Then students learn the underlying science behind the patient condition and see what it looks like in the anatomy lab.

“This gives them something that actually makes sense,” Poznanski said. “Teaching in this more integrated way has more sticking power.”

Students also teach each other.

The focus recently was on hip, knee and joint pain. Broken into groups of four, students practiced their medical skills on actors posing as patients with a joint problem. Students took turns knocking on the door, asking questions and examining a patient. Those not on the spot scribbled notes, wondered out loud – and occasionally laughed.

“It’s really cool how we can really interact with a potential patient and see how we come off as doctors, even though we are still students,” said Zain Lalani, who drew the short straw and had to go first.

“This is a safe environment where they can make a mistake and can correct it,” said Dr. Ralitsa Akins, senior associate dean of medical education and accreditation. “We are developing a habit.”

In one exam room, professor Hanns Haesslein kept a steady banter going as he watched each student.

“We’re not just interested in the bones, for crying out loud,” he said. “What do you feel? Push it in and out.”

Physical diagnosis is part of the detective work of being a doctor, said Haesslein, an obstetrician/gynecologist in private practice at the Sacramento Maternal-Fetal Medicine Medical Group. “I’m doing this because I love it. It’s a challenge because every day, there is another thing we need to work on, plan for, assess and change.”

Dr. Ravinder Khaira, a local pediatrician who is medical director of four clinics in the area, is another member of the faculty at California Northstate.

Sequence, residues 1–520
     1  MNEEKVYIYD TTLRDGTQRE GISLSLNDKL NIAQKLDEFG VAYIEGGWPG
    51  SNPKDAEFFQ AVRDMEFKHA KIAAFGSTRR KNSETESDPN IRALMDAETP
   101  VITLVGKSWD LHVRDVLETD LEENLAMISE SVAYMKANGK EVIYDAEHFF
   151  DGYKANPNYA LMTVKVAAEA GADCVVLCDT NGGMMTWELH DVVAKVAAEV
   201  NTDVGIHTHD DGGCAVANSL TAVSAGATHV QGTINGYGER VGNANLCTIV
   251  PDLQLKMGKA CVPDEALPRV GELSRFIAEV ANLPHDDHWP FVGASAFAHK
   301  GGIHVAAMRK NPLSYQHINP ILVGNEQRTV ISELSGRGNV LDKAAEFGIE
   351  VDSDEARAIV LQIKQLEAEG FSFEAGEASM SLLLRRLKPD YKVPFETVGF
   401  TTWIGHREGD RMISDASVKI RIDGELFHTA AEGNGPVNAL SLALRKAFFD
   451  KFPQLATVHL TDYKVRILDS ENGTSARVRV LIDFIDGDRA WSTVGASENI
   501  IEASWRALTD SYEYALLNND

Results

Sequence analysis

“It takes advantage of my advanced degree and offers a chance to form the new school,” he said. “The students? They are amazing. They are intelligent, very enthusiastic and happy they’ve been given this opportunity.”

There is a looming problem for medical students here and throughout the nation, however. About 1,000 current medical school students won’t match with residency spots when they graduate this year, said Dr. Julie Freischlag, dean of the UC Davis School of Medicine.

The federal government pays for most resident training, but capped the number of positions in 1997. There are more graduates, but the only new slots are funded by hospitals or other sources.

“It’s good to have an increase in the number of medical schools as the nation tries to solve the problem of not enough doctors,” Freischlag said. “But we do need to find new places for them to train.”

At a glance

California Northstate University School of Medicine’s inaugural Class of 2019:

  • Enrollment: 60
  • Total applicants: 686
  • Acceptance rate: 8.8.%
  • Female students: 19 (32%)
  • Male students: 41 (68%)
  • California residents: 47
  • Out of state residents: 13
  • Race/ethnicity: 19 Caucasian; 33 Asian; 3 African American; 3 Hispanic; 2 Pacific Islander
  • Average Medical College Admission Test (MCAT) score: 32
  • Average GPA: 3.48

Source: California Northstate University School of Medicine